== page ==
Wellbeing is defined as being as physically fit as you can be, enjoying life and work, being connected to positive others and retaining an ability to both keep perspective about and ability to recover from difficult times.
A significant piece of work by The New Economics Foundation identified five drivers of personal wellbeing. These are strongly supported by Mind, the mental health charity and the NHS.
After years of research, experts on stress and depression like Professor Mark Williams at Oxford University have concluded that our lives are indeed more full and demands are higher on all of us. It can sometimes feel that life is moving at an unrelenting pace. Consider how frequently you have a conversation and struggle to recall the details afterwards, or travel to court or chambers and barely remember a moment of your journey. Taking a moment to pause often seems like a luxury we cannot afford.
Compelling evidence has been building in the past forty years which unequivocally demonstrates the value in becoming more aware, moment to moment. When we are able to live more in the present we start to train our brains to reduce rumination and worrying about future states. This leads to increased positive mental states, self-regulated behaviour and boosts self-knowledge and awareness.
“By paying attention to our thoughts and feelings in this way, we can become more aware of them, less wrapped up in them, and more able to manage them”
Ed Halliwell (Mental Health Foundation report, 2010)
If ever there was a ‘silver bullet’ for great all round personal wellbeing, it is regular physical activity.
The physical benefits include:
Regular physical activity also has known mental health benefits. The risk of depression is lowered by 30%. Cognitive decline is also reduced by up to 30%. Physical activity has a powerful impact on the increased production of endorphins (those ‘feel good’ hormones) and a reduction in cortisol levels (the ‘stress’ hormone).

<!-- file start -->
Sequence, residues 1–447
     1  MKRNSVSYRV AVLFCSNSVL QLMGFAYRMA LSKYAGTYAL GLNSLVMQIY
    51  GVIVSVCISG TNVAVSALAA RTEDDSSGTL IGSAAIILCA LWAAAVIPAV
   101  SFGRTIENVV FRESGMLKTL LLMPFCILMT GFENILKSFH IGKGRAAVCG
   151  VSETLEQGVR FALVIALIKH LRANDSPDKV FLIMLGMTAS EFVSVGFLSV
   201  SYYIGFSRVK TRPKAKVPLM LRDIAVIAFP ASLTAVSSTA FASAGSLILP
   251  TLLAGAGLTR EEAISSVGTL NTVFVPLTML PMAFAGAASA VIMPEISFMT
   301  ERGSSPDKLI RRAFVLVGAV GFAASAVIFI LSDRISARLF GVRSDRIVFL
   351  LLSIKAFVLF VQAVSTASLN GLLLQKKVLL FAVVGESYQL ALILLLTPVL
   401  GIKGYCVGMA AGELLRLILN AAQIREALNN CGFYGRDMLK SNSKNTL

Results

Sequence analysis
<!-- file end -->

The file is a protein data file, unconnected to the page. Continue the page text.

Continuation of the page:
Studies demonstrate that physical activity also benefits concentration and focus; Dr John Ratey, a Harvard Professor of Psychiatry, recommends taking physical activity before an important public performance in order to sharpen focus.
Memory and mood are boosted by being more active, as is productivity. These are all hugely important skills for your successful career. Being able to regulate emotional responses, remember key case law and use your time efficiently both in and out of the courtroom gives you a huge advantage over the opposition.
It may be tempting to treat physical activity in the same way as our busy lives and work out intensely. However, on a stressed body and mind this can have a negative impact. If you are experiencing symptoms of extreme fatigue, a hard bout of physical activity will put the body under too much strain. At times like these, choose gentle stretching or walking instead and respect the repair and recovery that your body requires.
Consider your life as a barrister. You may have frequent long commutes to court and find that being able to get involved in social interaction with colleagues is difficult because you don’t live locally. Long working hours are inevitable in our profession, reducing time available with family and friends. Perhaps you live in the city for part of the week and return home at weekends. Variable working patterns and working long into the night preparing for court, make it hard to commit to social engagements.